Maurice is 70-years-old and has finally decided that he wants to stop work. He has a self-invested personal pension (SIPP) fund of £230,000 and would like us to tell him how much income he can afford to take each year.
We start by collecting information about all of his and his wife Olive’s income and expenditure.
Maurice currently receives a state pension and nominal pension from an old employment and Olive receives two small index-linked pensions totalling £3,900 per annum. She will also be entitled to a state pension in her own right in three years’ time.
They also have some investment bonds, one of which is expected to provide inflation-linked income. The others will provide a regular income but it is unlikely to keep pace with inflation.
Maurice and Olive’s current expenditure is around £38,500 p.a. Maurice expects that their current rate of spending will continue for another four to five years, after which it will reduce to £30,000. They would like to take an extended holiday to celebrate his retirement and estimate this will cost around £14,000.
He does not need any further tax-free cash at this stage but we recommend that he withdraws it at age 75, by which time we expect it to be £52,594, to avoid a tax charge in the event of his death. He is happy to do this on the basis that he could use the money to repay some or all of his daughter’s outstanding student loan.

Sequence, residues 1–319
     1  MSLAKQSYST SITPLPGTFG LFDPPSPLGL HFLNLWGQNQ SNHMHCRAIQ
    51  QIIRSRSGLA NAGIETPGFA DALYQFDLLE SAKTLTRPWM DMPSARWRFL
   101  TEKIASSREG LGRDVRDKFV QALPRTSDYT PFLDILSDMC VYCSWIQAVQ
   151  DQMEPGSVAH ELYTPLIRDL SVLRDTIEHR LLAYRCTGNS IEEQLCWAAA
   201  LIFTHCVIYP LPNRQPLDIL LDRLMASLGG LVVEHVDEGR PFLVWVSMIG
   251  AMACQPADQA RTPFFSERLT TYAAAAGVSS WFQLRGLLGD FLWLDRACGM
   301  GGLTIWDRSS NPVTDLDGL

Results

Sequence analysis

The cashflow model looks at all these sources of income against the stated income requirements. Both Maurice and Olive are in good health and could reasonably be expected to survive for 30 years or more.
We decide, therefore, to create the model until Olive, who is eight years younger than Maurice would reach age 95. The model is discounted for inflation at 5% so that the income in real terms remains steady and fund growth is assumed to outstrip inflation by 2% p.a. in line with his attitude to risk and current portfolio.
The results show that there is a small shortfall in Maurice’s income requirements over the five years that he wants to take higher income, which could be met using direct withdrawals from his SIPP plan1. It also shows that if his bond income is impacted by inflation as expected2 he will eventually need to recommence taking income from his plan at age 78, and that income will have to increase to compensate for the effect of inflation.
More importantly, it shows that this level of income can be maintained if he receives the investment returns he expects.
1 Income shortfall funded by drawdown income from the SIPP (pink)
2 The value of bond income gradually reduces over time as inflation eats into the real value (yellow)
We also note that Maurice could achieve his initial income objectives using an annuity, however, this would not give him the flexibility to stop and start his income as he needs, and avoid having to pay income tax on income that he doesn’t need.
It would also mean that he could not pass the fund on as tax-efficiently to his daughter after his death.
After Maurice begins to take income from his plan we will review it at least once a year to see if it remains on track. After checking whether anything has changed in his personal circumstances we will re-run the cashflow model based on the updated value of his fund.
This tells us whether the fund can continue to support the level of income he requires, or if any changes need to be made to his expectations.
Fiona Tait is technical director at Intelligent Pensions